The Perfect Storm
The reoccurring theme of alcohol in A Raisin in the Sun manifests itself in Walter’s mind and he becomes metaphorically drunk, resulting in a clouded consciousness and a distorted reality of what his family stands for and what is truly best for them. Along the way he will do anything to achieve his goal and even guilt’s his mother into becoming an enabler to his new found addiction. The progression of this impairment deepens in the same way an alcoholic’s would until Walter hits a point of rock bottom, clearing his mind and making him realize the emotional storm he has put his family through. The repetitive theme of alcohol conveys the progressive intoxication of Walter with the idea of his liquor store solving all of the problems that his family faces.
Walter looks at the idea of starting a business as a very simple process, in the way that an alcoholic would view alcohol as a simple fix to his life. When the idea of the liquor store is first introduced to the audience, it is apparent that Walter feels a sudden rush of euphoria and excitement similar to the feeling one gets after the first sip of alcohol. Walter is eager to share his seemingly prosperous idea to Ruth, “That be ten thousand each. Course, there’s a couple of hundred you got to pay so’s you don’t spend your life just waiting for them clowns to let your license approved.” (33) Walter explains his plan with such simplicity and haste that he seems to believe that the labor intensive process of starting a small business can be achieved by someone with little knowledge of that particular business sector. He shows that he believes that a future in alcohol can solve all the problems that he and his family are suffering through. He even neglects to think that the money actually belongs to his mother and not him.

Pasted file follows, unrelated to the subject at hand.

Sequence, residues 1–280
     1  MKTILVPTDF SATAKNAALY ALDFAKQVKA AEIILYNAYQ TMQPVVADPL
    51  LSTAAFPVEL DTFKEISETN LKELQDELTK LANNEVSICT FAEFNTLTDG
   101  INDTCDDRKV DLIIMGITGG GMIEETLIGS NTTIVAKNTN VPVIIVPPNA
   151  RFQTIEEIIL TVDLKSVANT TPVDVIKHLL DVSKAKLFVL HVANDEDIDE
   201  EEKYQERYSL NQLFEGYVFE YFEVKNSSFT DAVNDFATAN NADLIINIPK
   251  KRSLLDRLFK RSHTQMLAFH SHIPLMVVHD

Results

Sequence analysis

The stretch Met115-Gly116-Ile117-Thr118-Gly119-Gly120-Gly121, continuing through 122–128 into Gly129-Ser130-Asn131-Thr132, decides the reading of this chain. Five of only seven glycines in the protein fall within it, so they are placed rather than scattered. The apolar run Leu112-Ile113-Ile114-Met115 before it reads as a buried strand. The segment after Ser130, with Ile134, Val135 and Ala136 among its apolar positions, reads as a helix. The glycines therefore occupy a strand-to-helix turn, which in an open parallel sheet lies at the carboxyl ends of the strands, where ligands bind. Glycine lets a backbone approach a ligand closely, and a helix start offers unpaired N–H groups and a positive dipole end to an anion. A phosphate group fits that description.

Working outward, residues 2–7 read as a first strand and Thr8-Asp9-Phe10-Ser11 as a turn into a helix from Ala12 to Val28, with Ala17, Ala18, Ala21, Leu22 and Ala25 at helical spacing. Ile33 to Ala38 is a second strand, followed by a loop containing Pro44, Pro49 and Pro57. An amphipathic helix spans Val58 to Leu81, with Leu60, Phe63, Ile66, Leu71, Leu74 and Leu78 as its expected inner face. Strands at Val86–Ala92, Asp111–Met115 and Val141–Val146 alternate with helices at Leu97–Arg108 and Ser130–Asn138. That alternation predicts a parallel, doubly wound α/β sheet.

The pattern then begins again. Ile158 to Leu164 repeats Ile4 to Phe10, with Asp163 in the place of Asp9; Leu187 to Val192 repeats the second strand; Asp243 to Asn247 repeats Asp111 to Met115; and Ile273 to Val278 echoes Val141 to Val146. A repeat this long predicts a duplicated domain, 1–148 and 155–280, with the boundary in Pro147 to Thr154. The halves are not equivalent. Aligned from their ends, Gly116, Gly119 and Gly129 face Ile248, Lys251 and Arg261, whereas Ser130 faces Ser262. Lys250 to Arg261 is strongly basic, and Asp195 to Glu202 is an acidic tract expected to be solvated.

The more that alcohol inebriates Walter’s judgment concerning the morals of his family, the more he values the money which he wishes to put toward the liquor store. His...
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